The Sphynx is a hairless cat that originates from Canada. The breed first appeared as a natural mutation in a litter in the 1960s. However, before they were specifically bred, hairless cats have appeared from time to time around the world, such as the Mexican Hairless which is believed to date back to pre-Columbian times.
The Sphynx Coat
The Sphynx is all about the coat, or lack thereof. Some people find a hairless cat odd, whereas others cannot seem to get enough of the velvety feel of the skin, which is described as a soft peach or smooth nectarine (amongst other strange comparisons). For this reason, the Sphynx tends to seek heat and should be kept indoors to avoid sunburn. It is however important to note that the breed does have a soft layer of fluff, particularly around the ears and feet. Now, if you are thinking that a hairless cat gets you out of grooming duty, think again! This cat actually needs a lot of TLC. It is important to bathe your cat once per week to prevent her skin building up grease. Remember to include an ear clean and a nail trim.
The Sphynx may look grumpy, however, she is actually very playful. The Sphynx is known to love chasing games, is affectionate, intelligent and even-tempered. She has a life expectancy of 15 to 20 years, so, like with any other animal, make sure you are well acquainted with the breed before getting one of your own. Other common traits of the Sphynx include being mischievous, good with children, opinionated, and a tendency to get lonely.
Common health concerns
The Sphynx is generally a healthy cat, however, she can experience genetic health issues. So, a preventative health care regimen can help to prevent predictable medical concerns. Keep in mind that although your cat may experience some of these concerns at some point in her life, some cats never do.
Weight seems to be at the top of all our lists of medical concerns! And it’s true. Weight management is crucial to the overall health of any pet. Overweight pets have a good chance of developing arthritis, diabetes and other life-threatening diseases. In turn, this may shorten your pet’s life by as much as two years. Additionally, if your cat is overweight, she may develop a disease called hepatic lipidosis (also known as fatty liver). This disease is potentially fatal in overweight pets. Remember, your cat prefers to eat 10 or more times a day. This habit, although considered completely normal, can lead to your cat “overdoing it” causing obesity due to overeating. Making sure your Sphynx is fed a nutritionally formulated food that is breed specific may help prevent overeating and obesity. Try Royal Canin breed-specific food for Sphynx cats.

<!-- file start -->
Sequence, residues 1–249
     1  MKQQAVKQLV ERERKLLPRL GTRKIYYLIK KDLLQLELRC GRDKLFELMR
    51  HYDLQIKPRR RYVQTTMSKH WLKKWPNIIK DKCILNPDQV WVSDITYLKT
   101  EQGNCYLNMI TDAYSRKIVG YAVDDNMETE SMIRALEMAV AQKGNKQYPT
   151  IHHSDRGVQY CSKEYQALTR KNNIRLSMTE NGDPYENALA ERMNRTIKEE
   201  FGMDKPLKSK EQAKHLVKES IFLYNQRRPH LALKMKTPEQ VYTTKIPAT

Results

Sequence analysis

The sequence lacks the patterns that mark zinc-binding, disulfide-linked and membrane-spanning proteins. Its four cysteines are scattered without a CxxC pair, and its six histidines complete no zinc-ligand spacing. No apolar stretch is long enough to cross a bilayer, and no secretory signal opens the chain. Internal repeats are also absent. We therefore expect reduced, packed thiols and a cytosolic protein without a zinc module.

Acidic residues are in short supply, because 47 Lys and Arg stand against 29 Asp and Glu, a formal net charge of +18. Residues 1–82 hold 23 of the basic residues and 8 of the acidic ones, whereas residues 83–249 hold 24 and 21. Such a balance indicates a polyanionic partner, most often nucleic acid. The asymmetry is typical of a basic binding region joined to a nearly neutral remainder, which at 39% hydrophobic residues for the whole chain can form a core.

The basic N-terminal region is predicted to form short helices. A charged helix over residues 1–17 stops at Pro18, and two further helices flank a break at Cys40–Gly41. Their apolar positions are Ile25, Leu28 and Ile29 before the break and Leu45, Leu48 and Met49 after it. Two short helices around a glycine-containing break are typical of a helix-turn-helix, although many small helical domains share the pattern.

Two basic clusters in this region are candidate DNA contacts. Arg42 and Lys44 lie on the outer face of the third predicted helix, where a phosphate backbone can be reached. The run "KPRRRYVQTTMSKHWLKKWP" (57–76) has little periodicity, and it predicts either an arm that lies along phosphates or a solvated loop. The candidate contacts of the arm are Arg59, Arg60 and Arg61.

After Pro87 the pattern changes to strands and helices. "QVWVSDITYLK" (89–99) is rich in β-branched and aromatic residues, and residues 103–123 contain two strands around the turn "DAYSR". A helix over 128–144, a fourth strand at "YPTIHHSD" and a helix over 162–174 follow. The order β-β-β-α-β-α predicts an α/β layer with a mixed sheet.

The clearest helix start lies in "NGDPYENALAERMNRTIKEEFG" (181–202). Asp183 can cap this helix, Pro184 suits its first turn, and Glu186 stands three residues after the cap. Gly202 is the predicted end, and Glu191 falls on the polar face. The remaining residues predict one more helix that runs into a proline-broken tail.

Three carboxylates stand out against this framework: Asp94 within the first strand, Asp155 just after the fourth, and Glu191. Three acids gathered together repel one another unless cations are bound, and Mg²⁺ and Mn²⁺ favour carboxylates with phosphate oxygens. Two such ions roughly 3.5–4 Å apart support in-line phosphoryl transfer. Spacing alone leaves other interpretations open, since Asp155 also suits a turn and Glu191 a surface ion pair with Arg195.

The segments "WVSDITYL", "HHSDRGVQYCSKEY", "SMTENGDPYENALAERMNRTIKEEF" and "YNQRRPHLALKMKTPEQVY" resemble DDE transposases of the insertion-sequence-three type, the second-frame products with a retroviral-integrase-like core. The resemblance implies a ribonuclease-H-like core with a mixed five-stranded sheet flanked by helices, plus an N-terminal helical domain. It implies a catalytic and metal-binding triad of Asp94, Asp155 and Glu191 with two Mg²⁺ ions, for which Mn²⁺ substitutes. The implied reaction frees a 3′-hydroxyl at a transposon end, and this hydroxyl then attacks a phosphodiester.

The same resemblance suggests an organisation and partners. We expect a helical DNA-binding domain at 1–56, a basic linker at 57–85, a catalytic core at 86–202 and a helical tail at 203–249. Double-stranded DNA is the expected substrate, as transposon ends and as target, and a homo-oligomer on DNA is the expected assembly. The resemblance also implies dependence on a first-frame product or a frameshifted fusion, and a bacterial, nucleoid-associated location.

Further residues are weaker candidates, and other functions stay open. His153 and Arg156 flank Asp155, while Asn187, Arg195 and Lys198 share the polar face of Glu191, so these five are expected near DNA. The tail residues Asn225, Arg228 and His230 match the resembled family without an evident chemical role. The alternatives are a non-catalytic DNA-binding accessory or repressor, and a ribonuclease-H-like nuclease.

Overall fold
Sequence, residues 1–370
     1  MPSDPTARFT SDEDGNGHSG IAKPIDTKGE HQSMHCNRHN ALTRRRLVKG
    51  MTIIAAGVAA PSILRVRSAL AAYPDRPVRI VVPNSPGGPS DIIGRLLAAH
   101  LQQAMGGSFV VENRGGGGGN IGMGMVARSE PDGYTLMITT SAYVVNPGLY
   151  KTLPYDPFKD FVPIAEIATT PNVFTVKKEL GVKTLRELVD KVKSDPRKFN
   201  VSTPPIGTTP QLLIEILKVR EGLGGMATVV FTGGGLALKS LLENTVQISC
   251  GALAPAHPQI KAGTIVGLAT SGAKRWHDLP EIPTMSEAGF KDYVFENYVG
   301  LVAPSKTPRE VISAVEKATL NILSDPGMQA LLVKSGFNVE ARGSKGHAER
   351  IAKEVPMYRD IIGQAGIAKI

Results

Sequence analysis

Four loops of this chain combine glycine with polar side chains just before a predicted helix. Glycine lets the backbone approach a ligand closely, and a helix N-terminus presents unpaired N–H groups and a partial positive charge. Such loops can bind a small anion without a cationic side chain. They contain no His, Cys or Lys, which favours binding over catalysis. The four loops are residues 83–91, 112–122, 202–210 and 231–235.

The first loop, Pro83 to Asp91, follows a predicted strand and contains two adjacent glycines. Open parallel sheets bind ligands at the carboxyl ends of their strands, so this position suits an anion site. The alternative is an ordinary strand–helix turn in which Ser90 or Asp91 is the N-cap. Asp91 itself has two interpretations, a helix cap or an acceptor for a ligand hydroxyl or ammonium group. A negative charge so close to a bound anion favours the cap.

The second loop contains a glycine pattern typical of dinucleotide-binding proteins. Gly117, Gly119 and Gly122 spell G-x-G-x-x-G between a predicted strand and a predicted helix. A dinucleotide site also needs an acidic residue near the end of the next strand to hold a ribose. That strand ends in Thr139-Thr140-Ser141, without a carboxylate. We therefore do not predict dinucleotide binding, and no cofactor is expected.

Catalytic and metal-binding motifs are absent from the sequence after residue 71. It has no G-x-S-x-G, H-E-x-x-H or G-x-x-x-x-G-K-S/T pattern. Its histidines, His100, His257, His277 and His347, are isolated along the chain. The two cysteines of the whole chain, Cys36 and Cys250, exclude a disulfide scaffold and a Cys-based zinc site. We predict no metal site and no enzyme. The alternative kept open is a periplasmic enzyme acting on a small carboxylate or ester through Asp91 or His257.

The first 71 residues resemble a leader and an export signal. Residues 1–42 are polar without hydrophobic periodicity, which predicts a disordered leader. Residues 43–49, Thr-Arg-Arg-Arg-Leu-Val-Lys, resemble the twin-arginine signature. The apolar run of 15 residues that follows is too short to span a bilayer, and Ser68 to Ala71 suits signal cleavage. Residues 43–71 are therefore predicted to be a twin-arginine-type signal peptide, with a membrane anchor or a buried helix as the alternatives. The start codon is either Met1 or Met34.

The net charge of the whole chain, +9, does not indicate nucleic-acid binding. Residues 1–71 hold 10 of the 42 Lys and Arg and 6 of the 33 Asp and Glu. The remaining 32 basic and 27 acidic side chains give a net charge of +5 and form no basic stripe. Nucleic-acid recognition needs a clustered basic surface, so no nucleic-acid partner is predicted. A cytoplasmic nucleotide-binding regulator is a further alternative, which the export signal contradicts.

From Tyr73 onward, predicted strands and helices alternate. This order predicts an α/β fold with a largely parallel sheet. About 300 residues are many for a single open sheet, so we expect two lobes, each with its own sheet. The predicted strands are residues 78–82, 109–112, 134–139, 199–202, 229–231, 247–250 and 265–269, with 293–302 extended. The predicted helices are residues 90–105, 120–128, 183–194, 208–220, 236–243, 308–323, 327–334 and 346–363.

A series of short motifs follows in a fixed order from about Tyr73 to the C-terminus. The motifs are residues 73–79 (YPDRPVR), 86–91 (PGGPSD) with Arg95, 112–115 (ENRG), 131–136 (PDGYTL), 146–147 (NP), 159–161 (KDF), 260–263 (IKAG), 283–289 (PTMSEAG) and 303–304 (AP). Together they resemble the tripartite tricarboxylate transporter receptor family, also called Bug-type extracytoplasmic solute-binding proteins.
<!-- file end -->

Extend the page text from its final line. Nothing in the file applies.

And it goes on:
Dental disease is second on the list for many breeds of cat. And the Sphynx is no different. A regular teeth cleaning can prevent potential dental problems. Your veterinarian will also likely perform regular dental checks.
Other health concerns
Your Sphynx, like all cats, may suffer from bacterial and viral infections such as panleukopenia, calicivirus, rhinotracheitis, and rabies, which are preventable through vaccination. Additionally, parasites, such as worms, ticks and fleas may become a problem. Preventative medication from your veterinarian and regular check-ups are key to avoiding these common issues.
Please join us next week where we will discuss the genetic predispositions of Sphynxes.